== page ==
Residents of Morristown’s Historic District are objecting to plans to convert a local residence into a home for the developmentally disabled.
“At no time was it ever discussed that affordable housing units would be part of this plan,” resident AnnMarie Manahan told the town council on Tuesday.
Last month the council approved a $100,000 grant from the town’s affordable housing trust fund to Morris Blue, a venture by brothers Nate and Yehuda Diskint. They intended to apply the money toward the purchase of a stately Victorian house on Miller Road, for conversion to an eight-bed “shared home” for people with intellectual disabilities and other special needs.
Two of the units will be set aside for low- and moderate income tenants.
That possibility was not raised a year ago when the Diskints presented their concept to neighbors, Manahan said.
She also raised concerns about the total number of residents, fire escapes and handicapped accessibility, removal of a $25,000 ratable from the tax rolls, long-term oversight of the operation, and how exterior changes may impact aesthetics of “the cornerstone of the Historic District.”
About 40 residents of the neighborhood met earlier this month with Mayor Tim Dougherty, Administrator Jillian Barrick, and town attorneys. Another meeting is set for Nov. 27, 2018.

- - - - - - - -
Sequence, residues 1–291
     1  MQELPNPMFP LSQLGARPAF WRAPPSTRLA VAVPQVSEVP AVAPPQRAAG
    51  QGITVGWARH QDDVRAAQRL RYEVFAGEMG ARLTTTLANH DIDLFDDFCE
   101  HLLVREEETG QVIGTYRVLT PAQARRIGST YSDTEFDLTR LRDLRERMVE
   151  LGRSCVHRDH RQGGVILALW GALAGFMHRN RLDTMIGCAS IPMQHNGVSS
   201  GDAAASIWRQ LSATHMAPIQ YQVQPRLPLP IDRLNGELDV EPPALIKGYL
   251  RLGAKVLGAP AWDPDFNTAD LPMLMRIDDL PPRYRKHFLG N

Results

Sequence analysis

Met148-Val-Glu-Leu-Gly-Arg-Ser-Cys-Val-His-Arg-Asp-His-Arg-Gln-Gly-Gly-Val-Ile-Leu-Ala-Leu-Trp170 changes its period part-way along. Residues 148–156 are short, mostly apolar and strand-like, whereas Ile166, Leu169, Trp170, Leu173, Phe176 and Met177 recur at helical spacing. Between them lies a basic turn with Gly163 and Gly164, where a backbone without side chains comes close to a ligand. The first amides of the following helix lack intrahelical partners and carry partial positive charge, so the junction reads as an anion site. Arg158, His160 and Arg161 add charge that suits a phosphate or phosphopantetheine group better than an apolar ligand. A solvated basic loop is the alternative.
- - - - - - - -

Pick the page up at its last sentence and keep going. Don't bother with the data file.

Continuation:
The council approved the grant by a 5-1 vote in October. Councilwoman Alison Deeb, who represents the Fourth Ward neighborhood, voted no, citing questions about setting a precedent by giving funds to an unproven nonprofit. Councilman David Silva was absent for the vote.
Residents’ concerns, and any suggestions made by the town’s historic preservation commission, can be incorporated into a contract the town is negotiating with the Diskints to finalize the funding, town Attorney Vij Pawar told the council on Tuesday.
Any issues also can be addressed by the town planning board when the Diskints seek site plan approval, Councilman Stefan Armington added.
The Diskints, who did not speak at Tuesday’s council meeting, have said they were inspired to establish Co-home Inc., as they now call the Morris Blue project, by their younger brother Jeremy.
He has Down syndrome, and they said they wished to create a friendly home environment for him and others with similar challenges, in a place handy to transportation and other services.
In other business, the council approved a liquor license transfer from the former Calaloo Café–razed this week to make way for 30 apartments and a restaurant–to the J & K Steakhouse.
The South Street restaurant bought the license from holder Larry Berger for $1 million, according to the town Clerk’s office.